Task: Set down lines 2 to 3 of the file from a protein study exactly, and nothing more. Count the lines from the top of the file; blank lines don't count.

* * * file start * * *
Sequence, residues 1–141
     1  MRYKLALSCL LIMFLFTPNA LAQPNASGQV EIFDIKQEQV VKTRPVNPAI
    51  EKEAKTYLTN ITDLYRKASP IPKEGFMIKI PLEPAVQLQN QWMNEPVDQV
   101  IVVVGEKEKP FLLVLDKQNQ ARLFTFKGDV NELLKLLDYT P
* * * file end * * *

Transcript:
     1  MRYKLALSCL LIMFLFTPNA LAQPNASGQV EIFDIKQEQV VKTRPVNPAI
    51  EKEAKTYLTN ITDLYRKASP IPKEGFMIKI PLEPAVQLQN QWMNEPVDQV